A tight, expensive housing market has more homeowners staying put — upgrading and enlarging their current homes rather than fighting to afford a new one. The costs to remodel, however, are growing.
More than half (58 percent) of homeowners surveyed by Houzz, a home design and remodeling website, upgraded their homes last year at a median spending of $15,000. The amount homeowners spent has not changed in the past three years, but the cost of renovations has, thanks to a shortage of labor and rising prices for materials.
“The implications for the homeowners are pretty severe,” said Nino Sitchinava, principal economist at Houzz, who added that the project backlog in some parts of the country is upwards of three to four months. “And the majority of the remodelers on Houzz tell us that once a construction project starts, there is significant delay in the timeline for the completion. That combined with the rising costs of labor and more recently products and materials, [so] we are looking at rising prices for home renovation services.”
The bigger the project, the bigger the increase in how much people are willing to spend, especially on projects they believe will increase their home’s resale value. Homeowners remodeling their kitchens spent 10 percent more than in 2016, and for major kitchen remodels (more than 200 square feet), the spending increased from a $30,000 median renovation in 2016 to $33,000 in 2017.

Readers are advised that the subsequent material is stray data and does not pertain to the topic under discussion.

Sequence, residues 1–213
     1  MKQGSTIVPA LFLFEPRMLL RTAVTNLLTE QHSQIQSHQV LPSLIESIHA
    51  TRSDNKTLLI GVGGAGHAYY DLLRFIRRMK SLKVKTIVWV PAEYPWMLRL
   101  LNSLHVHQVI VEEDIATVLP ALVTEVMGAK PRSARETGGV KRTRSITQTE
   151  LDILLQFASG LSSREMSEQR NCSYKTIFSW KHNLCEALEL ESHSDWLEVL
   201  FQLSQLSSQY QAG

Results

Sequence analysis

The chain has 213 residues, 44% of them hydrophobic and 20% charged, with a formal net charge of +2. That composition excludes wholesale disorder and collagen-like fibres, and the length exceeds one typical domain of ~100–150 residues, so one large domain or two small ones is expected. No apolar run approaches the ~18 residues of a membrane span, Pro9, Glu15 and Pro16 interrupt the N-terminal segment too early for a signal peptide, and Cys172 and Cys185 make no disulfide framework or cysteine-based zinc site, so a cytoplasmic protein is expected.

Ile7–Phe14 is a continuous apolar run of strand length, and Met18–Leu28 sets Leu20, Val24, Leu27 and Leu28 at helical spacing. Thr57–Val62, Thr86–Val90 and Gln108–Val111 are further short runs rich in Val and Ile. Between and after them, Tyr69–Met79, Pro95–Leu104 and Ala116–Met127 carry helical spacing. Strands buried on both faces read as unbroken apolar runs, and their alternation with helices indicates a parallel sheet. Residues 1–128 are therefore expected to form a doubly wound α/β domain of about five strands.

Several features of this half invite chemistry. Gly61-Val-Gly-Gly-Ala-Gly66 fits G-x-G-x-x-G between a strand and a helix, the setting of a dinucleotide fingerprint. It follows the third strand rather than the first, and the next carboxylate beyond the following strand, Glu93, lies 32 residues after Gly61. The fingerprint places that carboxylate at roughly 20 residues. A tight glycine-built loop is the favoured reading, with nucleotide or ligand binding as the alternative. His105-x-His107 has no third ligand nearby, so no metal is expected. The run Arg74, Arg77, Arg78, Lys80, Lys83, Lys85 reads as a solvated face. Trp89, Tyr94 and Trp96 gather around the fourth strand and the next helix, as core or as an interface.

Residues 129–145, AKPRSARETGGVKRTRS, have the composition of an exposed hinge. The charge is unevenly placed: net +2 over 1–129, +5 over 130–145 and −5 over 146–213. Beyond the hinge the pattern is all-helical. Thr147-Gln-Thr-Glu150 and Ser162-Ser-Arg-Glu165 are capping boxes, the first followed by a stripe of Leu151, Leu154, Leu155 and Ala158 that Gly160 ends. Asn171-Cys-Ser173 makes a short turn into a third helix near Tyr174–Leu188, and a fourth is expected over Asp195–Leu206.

As costs rise, more people are setting strict budgets for their projects. More than three-quarters of those surveyed had an initial budget before starting their renovation in 2017 compared with 69 percent in 2015. Still, 19 percent went over that budget last year, compared with 16 percent who overspent in 2015.
While kitchens and bathrooms continue to be the most popular upgrades, master bedroom/bathroom suites moved up to the number three spot, overtaking living/family room remodels. The median amount spent on a master bedroom remodel increased 33 percent ($2,000 in 2017 versus $1,500 in 2016). Spending on living/family rooms was unchanged at $3,000.
“It's kind of your own vacation in your own home when you go home from your busy day and you want to relax you can go into your spa like bathroom,” said Kerry Ann Rodriguez, director of project development with Case Architects & Remodelers in the Washington metropolitan area.